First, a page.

January 2011

Monthly Archives

  • Here is a Software Attorney’s Take.


    Gartner Wrote It (About the Cloud), But Here is a Software Attorney’s Take.

    Gartner wrote this interesting piece recently called the “Rights and Responsibilities for Consumers of Cloud Computing Services” and published it in the Cloudbook. It is worth a read, and I also have added some of my insights on how and where to address the issues (what should be in the cloud agreement/cloud contract and what is more of a policy statement/communication issue).

    1) Retain Ownership of Data. This is covered ground, and nothing new to most people. I think all cloud agreements should address this issue as clearly as possible, so everyone knows who owns what, and how and when data can be returned to the customer.  Oh yea, there is already litigation on this issue, so this is an important issue! Recent Case (see page 4)(Address in Cloud Agreement)

    2) Service Level Agreement. This one too is nothing new, as service level agreements have been around forever. I think the SLA should be in the cloud agreement, and not left to a policy statement. (Address in Cloud Agreement)

    3) Notification of Changes to the Service. This is a great idea, and cloud vendors really should communicate about (but let’s add material or significant) change to their service (i.e. ones that would impact their customer or that they would want/should know about). I think the key here is for the vendor to be as transparent as possible, so there aren’t any missed expectations

  • What You Should Not Do To Your Competitor


    What You Should Not Do To Your Competitor (after SAP tried it and got caught).

    I have been reading the pleadings in the Oracle vs. SAP case (you know the 2010 $1.3 Billion judgment case), and trying to come up with a few takeaways for every growing SAAS or software company (i.e. what you can learn from this case and how to use a software EULA). I think I have come up with the list, but before we get started here is the background (the ‘really’ short version).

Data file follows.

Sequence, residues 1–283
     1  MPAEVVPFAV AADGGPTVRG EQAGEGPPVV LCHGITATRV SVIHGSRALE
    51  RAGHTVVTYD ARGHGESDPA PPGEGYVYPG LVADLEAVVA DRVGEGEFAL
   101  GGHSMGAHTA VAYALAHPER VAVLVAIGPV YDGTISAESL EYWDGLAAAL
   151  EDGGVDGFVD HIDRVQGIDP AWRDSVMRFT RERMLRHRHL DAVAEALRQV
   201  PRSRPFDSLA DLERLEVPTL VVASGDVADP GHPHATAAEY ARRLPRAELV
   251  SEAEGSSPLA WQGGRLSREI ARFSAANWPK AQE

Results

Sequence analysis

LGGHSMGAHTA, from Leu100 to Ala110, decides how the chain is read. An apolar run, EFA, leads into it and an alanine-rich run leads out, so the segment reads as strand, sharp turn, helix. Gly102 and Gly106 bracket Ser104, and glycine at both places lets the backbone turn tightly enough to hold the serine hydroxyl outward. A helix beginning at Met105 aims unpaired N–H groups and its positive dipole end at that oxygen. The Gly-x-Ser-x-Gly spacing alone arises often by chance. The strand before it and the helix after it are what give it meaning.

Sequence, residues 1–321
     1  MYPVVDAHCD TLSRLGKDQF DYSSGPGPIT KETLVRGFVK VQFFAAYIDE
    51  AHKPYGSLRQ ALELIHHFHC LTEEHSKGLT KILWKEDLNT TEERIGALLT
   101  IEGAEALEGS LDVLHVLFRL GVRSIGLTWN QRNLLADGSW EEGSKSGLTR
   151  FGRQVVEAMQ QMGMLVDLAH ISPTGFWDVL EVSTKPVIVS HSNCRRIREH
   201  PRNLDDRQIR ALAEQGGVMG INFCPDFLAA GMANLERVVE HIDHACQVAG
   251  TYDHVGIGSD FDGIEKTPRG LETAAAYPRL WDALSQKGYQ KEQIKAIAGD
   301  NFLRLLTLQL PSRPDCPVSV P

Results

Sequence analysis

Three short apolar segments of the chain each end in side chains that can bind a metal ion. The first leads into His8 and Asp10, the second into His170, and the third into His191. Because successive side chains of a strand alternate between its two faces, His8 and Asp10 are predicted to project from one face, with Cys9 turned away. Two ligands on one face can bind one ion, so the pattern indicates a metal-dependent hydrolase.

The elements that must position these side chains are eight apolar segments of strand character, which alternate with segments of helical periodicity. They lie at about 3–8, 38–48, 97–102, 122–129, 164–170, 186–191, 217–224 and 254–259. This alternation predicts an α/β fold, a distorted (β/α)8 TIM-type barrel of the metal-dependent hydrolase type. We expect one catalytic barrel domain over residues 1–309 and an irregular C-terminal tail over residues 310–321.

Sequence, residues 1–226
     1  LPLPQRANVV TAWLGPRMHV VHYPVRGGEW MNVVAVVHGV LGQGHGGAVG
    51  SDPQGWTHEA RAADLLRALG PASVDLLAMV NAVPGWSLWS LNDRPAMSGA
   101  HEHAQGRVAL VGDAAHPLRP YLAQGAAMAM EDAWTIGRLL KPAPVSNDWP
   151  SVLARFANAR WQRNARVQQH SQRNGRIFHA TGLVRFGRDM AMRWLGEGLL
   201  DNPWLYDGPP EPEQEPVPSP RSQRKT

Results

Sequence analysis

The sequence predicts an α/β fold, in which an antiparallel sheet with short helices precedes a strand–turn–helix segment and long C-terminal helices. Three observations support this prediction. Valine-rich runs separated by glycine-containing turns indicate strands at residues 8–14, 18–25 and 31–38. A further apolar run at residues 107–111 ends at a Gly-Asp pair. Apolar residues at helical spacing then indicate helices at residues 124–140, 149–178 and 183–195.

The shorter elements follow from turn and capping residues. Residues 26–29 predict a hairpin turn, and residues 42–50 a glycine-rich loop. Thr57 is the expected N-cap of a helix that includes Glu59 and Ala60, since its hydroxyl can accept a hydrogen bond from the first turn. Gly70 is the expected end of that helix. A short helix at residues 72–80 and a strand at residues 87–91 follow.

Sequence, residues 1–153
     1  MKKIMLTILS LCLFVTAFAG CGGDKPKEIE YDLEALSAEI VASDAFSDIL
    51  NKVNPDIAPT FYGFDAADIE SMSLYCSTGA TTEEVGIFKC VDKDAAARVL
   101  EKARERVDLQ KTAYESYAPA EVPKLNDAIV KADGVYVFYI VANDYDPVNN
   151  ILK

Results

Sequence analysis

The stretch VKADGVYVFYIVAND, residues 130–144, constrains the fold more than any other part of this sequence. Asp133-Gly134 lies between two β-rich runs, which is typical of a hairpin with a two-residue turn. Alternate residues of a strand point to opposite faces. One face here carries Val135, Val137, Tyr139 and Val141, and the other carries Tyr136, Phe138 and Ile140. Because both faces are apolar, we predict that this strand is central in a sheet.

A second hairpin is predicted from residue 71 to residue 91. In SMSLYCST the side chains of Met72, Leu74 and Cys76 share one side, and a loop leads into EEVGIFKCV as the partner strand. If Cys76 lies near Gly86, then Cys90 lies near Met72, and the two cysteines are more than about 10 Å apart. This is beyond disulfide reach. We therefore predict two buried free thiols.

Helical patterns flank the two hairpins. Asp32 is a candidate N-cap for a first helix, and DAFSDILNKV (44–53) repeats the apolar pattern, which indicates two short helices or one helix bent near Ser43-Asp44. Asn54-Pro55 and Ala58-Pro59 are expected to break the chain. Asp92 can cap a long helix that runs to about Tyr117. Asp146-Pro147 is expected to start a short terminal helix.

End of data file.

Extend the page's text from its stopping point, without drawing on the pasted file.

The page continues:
Background: TomorrowNow was a third-party support company which SAP bought in 2005. TN claimed to provide support for certain Oracle products (for less than 50% of what Oracle charged), and SAP tried to use their business model to lure customers away from the Oracle products and to the SAP products (it was called theSafe Passage program . . . which (funny enough) wasn’t safe/legal after all).

    3 Takeaways: Here are the 3 things you should not do to your competitor, now that this case has been decided (all based on the last Oracle filed petition in the case).

    1) Don’t Download More of Their Software Than You Have License Rights To. Oracle alleged with great specificity and detail how SAP downloaded more software through its TN subsidiary than it had license rights to.  This may seem very basic, but you don’t want to be in possession of more of your competitor’s software than you are validly licensed …